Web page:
5 Lessons About Citizen Engagement

On Tuesday April 8th, GovLoop hosted our third annual Government Innovators Virtual Summit. This year we focused on “Innovations that Matter” and how to make innovation stick at your agency. Read this recap of our session on citizen engagement and for more blog coverage of the Summit can be found here.

View the recording below:

One Colorado organization is looking to make data and development more user-friendly and open to the public in the Rocky Mountains — and learning a lot about citizen engagement along the way.

This Tuesday, at the GovLoop Government Innovators Virtual Summit, Brian Gryth’s of Colorado’s Go Code Initiative presented to the GovLoop community about his organization. They’re an apps challenge designed to make public data more accessible in the state of Colorado. Teams of developers and entrepreneurs across the state are competing to solve business problems and grow the local economy by building apps that will help Colorado companies thrive.

The idea, said Gryth, actually came from a young couple who started an organic granola company a few years ago.

The couple had started their granola company out of their condo. Their product soon got so popular it was sold in 80 stores. A few years later their popularity skyrocketed again, and they expanded to 1800 stores across Colorado.

“Instantaneously we had a scaling issue,” said Gryth. “This couple can’t produce enough in their office. They need to find office space, commercial grade space, and find folks to scale the business, because they don’t have degrees in commercial food production. So where do they turn for help?”

So the idea for Go Code Colorado was born. Gryth and his team went to the Colorado business community to discuss the top challenges they faced, and ways Go Code could help — and decided an apps challenge was the way to go.

“This is a challenge for entrepreneurs and software developers that puts public data to good use in B2B apps,” explained Gryth.

The best three apps that come out of the statewide challenge will win actual contracts with the state of Colorado. “We’ll be their first customer,” said Gryth.

“We want to expand hands-on economic development and get developers involved, and help bridge divides between sectors,” he added. “And we want to do data by the people, for the people.”

As Go Code has conducted the challenge and the hackathons to determine the winning apps, Gryth said he and his team have learned five important lessons about citizen engagement along the way.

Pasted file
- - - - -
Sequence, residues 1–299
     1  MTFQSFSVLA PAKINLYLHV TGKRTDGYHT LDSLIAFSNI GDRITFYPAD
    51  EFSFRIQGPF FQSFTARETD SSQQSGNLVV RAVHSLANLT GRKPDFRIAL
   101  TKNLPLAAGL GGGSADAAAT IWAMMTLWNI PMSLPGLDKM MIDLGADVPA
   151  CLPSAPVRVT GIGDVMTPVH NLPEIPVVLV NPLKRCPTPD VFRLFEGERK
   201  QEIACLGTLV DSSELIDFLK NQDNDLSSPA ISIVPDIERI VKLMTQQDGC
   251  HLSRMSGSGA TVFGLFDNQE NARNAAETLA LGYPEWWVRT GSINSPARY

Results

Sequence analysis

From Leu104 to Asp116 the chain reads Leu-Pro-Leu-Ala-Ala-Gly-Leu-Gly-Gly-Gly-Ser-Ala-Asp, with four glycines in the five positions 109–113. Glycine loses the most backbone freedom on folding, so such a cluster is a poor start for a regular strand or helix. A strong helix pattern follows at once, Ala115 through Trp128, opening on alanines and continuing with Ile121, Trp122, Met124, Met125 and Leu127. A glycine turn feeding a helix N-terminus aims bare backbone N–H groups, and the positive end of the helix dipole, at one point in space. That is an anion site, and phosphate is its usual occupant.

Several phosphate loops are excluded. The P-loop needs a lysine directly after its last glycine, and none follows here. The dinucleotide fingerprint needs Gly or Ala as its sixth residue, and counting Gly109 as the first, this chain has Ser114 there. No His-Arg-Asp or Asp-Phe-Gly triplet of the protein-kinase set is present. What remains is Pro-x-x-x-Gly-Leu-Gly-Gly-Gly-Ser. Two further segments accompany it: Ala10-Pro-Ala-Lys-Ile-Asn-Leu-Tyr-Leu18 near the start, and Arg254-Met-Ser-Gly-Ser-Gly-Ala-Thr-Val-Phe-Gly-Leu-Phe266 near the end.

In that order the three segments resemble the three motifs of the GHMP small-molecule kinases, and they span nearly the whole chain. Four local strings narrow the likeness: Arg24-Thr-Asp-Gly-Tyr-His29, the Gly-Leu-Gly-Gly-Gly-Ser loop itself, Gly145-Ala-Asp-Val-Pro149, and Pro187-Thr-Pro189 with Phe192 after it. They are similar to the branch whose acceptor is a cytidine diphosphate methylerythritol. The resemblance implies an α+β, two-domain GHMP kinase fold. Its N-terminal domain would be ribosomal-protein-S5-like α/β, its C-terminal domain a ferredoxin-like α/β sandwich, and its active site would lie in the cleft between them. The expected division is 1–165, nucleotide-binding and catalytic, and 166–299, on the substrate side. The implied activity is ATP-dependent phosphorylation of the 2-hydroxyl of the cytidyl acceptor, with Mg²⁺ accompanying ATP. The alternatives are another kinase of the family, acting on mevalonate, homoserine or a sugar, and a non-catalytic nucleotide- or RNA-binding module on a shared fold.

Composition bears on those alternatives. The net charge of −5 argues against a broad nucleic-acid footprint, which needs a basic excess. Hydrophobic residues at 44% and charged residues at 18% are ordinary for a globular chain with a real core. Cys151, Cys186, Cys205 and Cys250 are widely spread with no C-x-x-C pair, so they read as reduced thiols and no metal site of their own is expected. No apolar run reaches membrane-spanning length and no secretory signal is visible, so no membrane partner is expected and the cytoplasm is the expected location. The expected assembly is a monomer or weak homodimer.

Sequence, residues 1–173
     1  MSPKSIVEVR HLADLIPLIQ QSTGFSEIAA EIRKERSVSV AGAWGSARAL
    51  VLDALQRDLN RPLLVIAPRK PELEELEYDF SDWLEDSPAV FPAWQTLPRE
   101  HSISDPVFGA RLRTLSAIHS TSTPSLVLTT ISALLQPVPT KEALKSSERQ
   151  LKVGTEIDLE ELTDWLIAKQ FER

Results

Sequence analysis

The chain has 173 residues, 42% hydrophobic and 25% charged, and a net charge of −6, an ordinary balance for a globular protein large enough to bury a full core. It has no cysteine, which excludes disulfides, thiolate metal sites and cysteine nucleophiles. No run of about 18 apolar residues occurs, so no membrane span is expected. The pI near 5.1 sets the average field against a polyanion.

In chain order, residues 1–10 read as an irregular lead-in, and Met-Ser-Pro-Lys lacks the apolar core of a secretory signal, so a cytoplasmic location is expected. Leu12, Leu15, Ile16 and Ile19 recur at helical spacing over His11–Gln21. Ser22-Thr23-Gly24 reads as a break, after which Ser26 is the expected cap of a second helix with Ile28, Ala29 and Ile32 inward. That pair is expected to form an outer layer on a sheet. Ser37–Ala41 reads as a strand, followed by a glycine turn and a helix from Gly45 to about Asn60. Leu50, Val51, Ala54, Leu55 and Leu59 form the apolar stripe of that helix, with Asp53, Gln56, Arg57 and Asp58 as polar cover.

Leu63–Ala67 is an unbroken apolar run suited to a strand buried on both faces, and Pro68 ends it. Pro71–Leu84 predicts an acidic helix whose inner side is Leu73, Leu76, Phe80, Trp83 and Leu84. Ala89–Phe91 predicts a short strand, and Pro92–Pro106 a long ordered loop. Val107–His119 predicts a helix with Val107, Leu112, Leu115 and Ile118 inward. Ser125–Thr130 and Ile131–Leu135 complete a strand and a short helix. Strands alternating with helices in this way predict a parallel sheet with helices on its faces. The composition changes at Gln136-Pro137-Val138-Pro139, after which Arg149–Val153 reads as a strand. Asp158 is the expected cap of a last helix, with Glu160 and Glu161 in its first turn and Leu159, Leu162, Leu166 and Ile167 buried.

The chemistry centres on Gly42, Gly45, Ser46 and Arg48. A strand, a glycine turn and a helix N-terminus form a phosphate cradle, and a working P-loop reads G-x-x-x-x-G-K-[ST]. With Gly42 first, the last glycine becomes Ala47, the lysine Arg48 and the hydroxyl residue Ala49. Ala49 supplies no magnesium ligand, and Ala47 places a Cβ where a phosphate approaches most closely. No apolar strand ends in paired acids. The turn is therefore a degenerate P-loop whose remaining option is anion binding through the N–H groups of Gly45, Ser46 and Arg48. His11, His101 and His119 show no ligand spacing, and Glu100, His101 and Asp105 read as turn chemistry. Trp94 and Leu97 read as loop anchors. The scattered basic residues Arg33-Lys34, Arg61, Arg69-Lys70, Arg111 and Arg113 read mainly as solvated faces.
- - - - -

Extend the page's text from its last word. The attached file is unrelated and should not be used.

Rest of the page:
1. One size does not fit all
The approach you may want to use in one community for outreach and process may not work in another community,” said Gryth. What worked for Go Code in Durango, Colorado for outreach and promotion did not work in Grand Junction — where Go Code actually had to cancel event due to the lack of interest they ended up having. “There’s a scale issue we learned we had to deal with,” said Gryth.

2. It’s not about the data. It’s about the problem
“Having a distinct problem you’re trying to solve in front of you is really helpful,” said Gryth. Knowing exactly the problem you need to solve is just as important as every other aspect.

3. …But it’s also about the data
If you’re doing a developer challenge, said Gryth, you do have to make sure to have the best available data available and out there for use by those participating. Don’t skimp on that aspect.

4. Use feedback, but at the same time, don’t listen to the unhelpful.
“You’re going to receive a LOT of feedback,” said Gryth. “Remember – you’re doing new things so you’re going to have some pushback and negative feedback. If you’re doing something new, you’re just going to hear people say ‘this is crazy, it will never work.’ But you have to stay true to your vision. Listen to feedback that can make you better but don’t get caught up in the naysayers.”

5. Seek help!
“You can’t do everything yourself,” said Gryth. “So don’t try! Cultivate relationships and find the people who can make contacts for you.”

Make sure to check out more coverage of the Virtual Summit here, and tell us in the comments: What are your tips for citizen engagement?

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Katharine Greenlee

Hi Catherine,

Those truly are some great ideas about citizen engagement. Reading through your post reminded me of some powerful citizen engagement-related resources that can be found on the Knowledge Network. I think you will find that Satish Nambisan and Priya Nambisan’s report, “Engaging Citizens in Co-Creation in Public Service,” and Robert Vogel, Mike Huggins, and Evelina Moulder’s report, “The Extent of Public Participation” also offer useful lessons on citizen engagement practices and potential returns on investment. I hope that you find these reports helpful.

Very best,


Community Engagement Manager, ICMA

[email protected]